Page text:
Yours, Mine and Ours
This is one story I am so embarrassed to tell. But I will tell anyway since this is my blog and nobody can stop me.
I am already beginning to feel very empowered. Don't know whether that is a good thing. I hope I will not be my own victim. You know -- power corrupts, absolute power corrupts absolutely.
You do see that around, don't you? But, this is the blog world. How powerful can you get?
More apt is -- how influential can you get?
I suppose you will know when the people you irritate, anger and irk start squirming and use their "power" to get at you.
But, I am digressing as usual. Can't help it. Thinking about Jeff Ooi, Rocky and Shieh. "Big" and "powerful" people gunning for them.
Funny. On one hand, these very same people have been pooh-poohing bloggers. On the other, they wanna kill these little powerless people call bloggers.
Now, back to my embarrassing story.
Up until 2003, I was not a registered voter. I never felt embarrassed then. I felt that as a journalist I had to be impartial, neutral. So, I decided, for a very long time (way way too long, I think) to stay away from making a choice, a decision.
It was, of course, such a stupid stand. And I took it to the extreme. Not only was it stupid. It was so irresponsible.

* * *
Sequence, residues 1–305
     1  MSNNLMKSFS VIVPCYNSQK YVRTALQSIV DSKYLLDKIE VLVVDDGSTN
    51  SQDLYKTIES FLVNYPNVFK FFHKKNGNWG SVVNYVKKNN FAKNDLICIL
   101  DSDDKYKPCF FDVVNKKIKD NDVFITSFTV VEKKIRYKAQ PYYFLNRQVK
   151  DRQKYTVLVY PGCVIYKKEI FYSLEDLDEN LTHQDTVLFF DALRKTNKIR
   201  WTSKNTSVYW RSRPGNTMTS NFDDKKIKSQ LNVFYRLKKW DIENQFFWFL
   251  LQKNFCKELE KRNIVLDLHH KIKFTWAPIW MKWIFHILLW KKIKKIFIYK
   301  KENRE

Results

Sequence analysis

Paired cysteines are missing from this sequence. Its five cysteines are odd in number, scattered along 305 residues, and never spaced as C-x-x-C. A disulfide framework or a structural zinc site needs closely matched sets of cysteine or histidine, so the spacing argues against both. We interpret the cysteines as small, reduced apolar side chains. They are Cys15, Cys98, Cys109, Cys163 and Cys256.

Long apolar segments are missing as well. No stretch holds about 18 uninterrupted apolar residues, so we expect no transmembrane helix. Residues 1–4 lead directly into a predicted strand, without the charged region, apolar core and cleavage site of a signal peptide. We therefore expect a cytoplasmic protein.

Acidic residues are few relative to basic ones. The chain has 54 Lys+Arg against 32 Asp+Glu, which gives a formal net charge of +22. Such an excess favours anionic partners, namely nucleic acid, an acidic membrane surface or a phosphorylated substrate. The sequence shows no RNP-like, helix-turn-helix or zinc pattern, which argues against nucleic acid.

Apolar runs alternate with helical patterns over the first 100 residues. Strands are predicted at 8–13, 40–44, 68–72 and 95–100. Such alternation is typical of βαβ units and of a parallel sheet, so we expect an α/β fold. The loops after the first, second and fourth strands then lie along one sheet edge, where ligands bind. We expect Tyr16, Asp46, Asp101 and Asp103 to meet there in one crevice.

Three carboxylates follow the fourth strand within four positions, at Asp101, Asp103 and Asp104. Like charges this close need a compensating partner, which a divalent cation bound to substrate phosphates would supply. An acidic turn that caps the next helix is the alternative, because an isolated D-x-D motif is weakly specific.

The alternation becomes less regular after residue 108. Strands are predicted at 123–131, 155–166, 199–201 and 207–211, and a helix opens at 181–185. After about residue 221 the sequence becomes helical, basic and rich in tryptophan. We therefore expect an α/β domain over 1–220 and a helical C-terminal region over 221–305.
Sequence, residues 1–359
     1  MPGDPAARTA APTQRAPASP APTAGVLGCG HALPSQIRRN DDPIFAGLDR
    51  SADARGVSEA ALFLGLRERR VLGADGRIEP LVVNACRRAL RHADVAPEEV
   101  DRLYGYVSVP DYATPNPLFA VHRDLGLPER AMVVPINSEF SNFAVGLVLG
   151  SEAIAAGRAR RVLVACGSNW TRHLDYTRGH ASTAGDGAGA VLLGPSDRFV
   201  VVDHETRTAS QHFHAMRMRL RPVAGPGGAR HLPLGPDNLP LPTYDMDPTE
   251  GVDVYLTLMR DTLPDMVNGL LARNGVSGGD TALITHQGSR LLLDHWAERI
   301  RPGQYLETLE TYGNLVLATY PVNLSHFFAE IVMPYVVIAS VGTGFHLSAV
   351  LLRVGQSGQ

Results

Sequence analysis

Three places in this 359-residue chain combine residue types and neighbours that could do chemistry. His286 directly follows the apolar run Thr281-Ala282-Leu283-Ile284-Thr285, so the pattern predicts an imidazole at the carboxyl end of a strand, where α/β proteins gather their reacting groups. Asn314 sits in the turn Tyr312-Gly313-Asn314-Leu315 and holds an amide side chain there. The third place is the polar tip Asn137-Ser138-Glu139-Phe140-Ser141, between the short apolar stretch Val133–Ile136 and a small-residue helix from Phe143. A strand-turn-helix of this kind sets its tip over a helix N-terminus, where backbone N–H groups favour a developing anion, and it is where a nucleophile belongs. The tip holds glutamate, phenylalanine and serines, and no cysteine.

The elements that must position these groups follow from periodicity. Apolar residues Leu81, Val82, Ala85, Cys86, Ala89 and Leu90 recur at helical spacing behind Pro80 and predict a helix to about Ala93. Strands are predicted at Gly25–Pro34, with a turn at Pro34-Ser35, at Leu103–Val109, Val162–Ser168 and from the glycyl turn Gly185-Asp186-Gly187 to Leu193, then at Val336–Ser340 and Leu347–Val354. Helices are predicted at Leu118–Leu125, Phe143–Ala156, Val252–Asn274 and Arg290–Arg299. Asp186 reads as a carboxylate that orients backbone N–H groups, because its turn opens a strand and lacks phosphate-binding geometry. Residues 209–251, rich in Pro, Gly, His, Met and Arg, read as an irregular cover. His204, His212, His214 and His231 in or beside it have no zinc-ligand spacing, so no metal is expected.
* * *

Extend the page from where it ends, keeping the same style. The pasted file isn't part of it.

But back then, I did not feel stupid. Neither did I feel irresponsible. I felt that it was the right thing to do, although I knew that I was not exercising my constitutional right. How could that be right, right?
I had been covering general elections (as a reporter) since 1982. Perhaps, that was why. I felt comfortable being on the outside and not casting my vote.
I can go on and on about how stupid I was....until 2003, that is, when I decided, yes, I want to be part of the election process.
I went to the nearest registration station, signed up, and the rest is history.
Early one morning in March, 2004, my sister and I went to Sekolah Sultan Abdul Samad in Petaling Jaya to cast our ballot. We were among the very few early birds there.
I cannot tell you how good I felt after I had cast my vote.
Did I feel that the destiny of this country was in my hands? I sure did.
That feeling still remains even though I have been told over and over again, that no, the destiny of this country is not in my hands. Nor the hands of voters. That it is in the hands of a few people.
I am a very realistic and practical person. I know that right now and right here, I cannot do much to right what is wrong.
The system of political rule in this country is not bad. Of course, of course, I hear you, I hear you. There are some not so good things there.
Maybe right now, the destiny of this country is in the hands of a few people. Maybe, there is nothing you and I can do, right now.
You and I know, all is not lost. You and I know too, that this country we call home, cannot be all that bad.
I am sure glad I did what I did back in 2004.
I like that overwhelming sense of responsibility when I marked the ballot papers -- one for a parliamentary seat, the other, for the state.
Sounds silly sometimes, just talking about it.
But no. Not silly, after all. It is about making a choice for this country. It is yours, remember? And mine.